He also manages to make a Neil Young ballad, “On the Beach,” sound right at home.
“It’s ‘Out of the Blues,’” Scaggs explains. “And I featured a number of different styles of music that in one way or another came out of the blues.”
He originally worked up “On the Beach” to perform at a tribute to Young about a year and a half ago, he says.
“One of the producers brought that song to me so we tried it out in rehearsal and it seemed to fit,” he says. “And in performance for those several nights, the song just sort of seemed to really connect with my style.”
When he was “measuring material for this record,” Scaggs continues, he felt the Young song represented “what I might call the contemporary abstract blues form,” adding that “the wistful tone and lyrics kind of give it the bluesy legitimacy that I was looking for with the rest of the material; it just seemed to be a different way of doing the blues.”
On how he got to ‘Silk Degrees’
Scaggs himself rose to mainstream success in the ‘70s after finding a different way to do the blues, arriving at the sleek, sophisticated soul and R&B approach of “Silk Degrees,” a five-times-platinum calling card that spun off three of Scaggs’ biggest singles – “Lido Shuffle,” “Lowdown” and “It’s Over.”
It was Scaggs’ seventh solo album, building on the work he’d done with Motown veteran Bobby Bristol on his previous release, “Slow Dancer.”
“I had toured quite a lot and developed a certain style of my own,” Scaggs recalls. “But during the course of moving and changing, I was encouraged by my record company to work with a producer out of Detroit.”
Bristol moved to L.A. “with the Motown people,” Scaggs says, “after Motown was dispersing and a lot of the players moved out to L.A. So I made a studio album with all session players and it sort of opened my eyes to more possibilities.”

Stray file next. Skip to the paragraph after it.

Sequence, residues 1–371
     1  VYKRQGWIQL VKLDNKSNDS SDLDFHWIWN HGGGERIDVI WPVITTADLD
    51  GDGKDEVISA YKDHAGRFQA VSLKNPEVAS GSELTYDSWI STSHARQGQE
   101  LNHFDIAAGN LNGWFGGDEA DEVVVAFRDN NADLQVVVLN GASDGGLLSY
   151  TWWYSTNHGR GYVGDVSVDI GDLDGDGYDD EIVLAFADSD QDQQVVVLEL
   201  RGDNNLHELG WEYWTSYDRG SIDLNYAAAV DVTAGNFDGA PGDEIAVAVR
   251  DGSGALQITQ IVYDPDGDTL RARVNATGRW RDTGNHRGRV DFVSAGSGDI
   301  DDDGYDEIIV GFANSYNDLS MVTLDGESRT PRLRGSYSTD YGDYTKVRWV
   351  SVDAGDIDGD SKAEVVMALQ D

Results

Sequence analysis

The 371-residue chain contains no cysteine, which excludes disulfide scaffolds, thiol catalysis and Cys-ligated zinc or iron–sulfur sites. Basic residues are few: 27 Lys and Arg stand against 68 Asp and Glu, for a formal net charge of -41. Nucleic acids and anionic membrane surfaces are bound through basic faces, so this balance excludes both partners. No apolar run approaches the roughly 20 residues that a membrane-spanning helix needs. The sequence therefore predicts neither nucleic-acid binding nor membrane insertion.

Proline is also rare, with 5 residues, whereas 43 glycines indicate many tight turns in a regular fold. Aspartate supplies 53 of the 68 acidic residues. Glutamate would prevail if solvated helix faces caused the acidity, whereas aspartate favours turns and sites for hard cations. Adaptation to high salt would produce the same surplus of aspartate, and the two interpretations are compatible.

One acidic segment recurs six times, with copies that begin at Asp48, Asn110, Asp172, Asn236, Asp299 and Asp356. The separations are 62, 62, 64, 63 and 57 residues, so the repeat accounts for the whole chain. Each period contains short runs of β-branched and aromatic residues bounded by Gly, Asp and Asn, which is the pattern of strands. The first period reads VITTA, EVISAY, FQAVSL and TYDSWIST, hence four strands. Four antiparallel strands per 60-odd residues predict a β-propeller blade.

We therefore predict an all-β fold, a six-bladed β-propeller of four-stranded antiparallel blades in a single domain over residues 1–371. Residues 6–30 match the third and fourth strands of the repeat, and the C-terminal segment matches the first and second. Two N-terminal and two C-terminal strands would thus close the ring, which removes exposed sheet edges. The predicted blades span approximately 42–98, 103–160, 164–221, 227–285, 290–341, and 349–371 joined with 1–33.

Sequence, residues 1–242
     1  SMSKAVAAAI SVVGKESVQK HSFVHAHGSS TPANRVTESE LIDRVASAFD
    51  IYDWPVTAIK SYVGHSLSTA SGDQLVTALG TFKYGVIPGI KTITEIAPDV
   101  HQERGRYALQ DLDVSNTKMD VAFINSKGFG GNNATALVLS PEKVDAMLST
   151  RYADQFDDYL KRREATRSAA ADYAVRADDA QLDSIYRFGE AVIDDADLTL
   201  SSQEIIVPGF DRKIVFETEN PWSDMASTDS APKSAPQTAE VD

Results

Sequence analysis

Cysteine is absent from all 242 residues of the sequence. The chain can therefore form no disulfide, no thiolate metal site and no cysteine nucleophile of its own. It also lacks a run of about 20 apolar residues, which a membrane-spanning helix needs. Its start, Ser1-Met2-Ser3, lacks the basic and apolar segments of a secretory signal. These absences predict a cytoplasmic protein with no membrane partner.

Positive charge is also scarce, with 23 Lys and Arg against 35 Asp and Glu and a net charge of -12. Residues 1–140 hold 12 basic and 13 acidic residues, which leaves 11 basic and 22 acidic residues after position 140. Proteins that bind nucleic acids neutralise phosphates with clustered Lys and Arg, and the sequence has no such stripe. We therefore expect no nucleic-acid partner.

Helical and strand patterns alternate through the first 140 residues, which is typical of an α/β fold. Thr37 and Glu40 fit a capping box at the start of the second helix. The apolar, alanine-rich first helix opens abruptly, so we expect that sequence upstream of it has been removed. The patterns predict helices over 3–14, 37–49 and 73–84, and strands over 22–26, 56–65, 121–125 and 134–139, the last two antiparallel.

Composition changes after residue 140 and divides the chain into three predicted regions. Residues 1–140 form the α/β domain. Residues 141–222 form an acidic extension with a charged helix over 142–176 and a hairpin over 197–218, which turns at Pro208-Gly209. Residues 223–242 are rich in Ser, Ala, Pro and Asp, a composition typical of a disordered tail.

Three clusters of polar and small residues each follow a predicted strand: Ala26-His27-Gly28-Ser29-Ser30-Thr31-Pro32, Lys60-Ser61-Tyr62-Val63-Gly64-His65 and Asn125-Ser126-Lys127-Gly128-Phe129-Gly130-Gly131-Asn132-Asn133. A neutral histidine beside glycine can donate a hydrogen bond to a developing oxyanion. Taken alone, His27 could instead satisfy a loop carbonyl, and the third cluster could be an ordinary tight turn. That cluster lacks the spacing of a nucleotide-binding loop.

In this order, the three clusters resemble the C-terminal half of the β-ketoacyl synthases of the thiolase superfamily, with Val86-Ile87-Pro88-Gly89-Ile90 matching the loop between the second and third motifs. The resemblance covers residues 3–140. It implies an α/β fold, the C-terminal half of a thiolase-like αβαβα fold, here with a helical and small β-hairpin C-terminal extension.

After making “Slow Dancer,” he says, “I was sort of intrigued by the possibilities of hand-picking studio musicians and developing some of my ideas in a more thorough way. So I made that album and the following three or four albums in L.A. with studio players.”
The L.A. experience offered Scaggs a chance, he says, “to sort of advance into a little bit more complex music, a little progressive style. That’s kind of how it Boz Scaggs
evolved. I made contact with some arrangers, some producers, some co-writers that really helped me explore some different kinds of music.”
Subsequent hits from his time in L.A. included “Breakdown Dead Ahead,” “JoJo,” “Look What You’ve Done to Me” and “Miss You.”
On what to expect at the show
He will be dipping into that side of his catalog when he plays the Celebrity Theatre, a venue he first headlined shortly after the release of “Silk Degrees,” in support of his new more blues-indebted album.
“There’s a repertoire that involves bits and pieces from all over my career,” he says. “And certainly that time, I call it my Hollywood years, there were hits. And that’s a great way to connect with audiences to fill that part of their experience. So yeah, there’s stuff that people are familiar with in that regard. And then I’m leaning more toward this recent material as well as some earlier blues stuff and bits of this and that. It’s a pretty broad-ranging program.”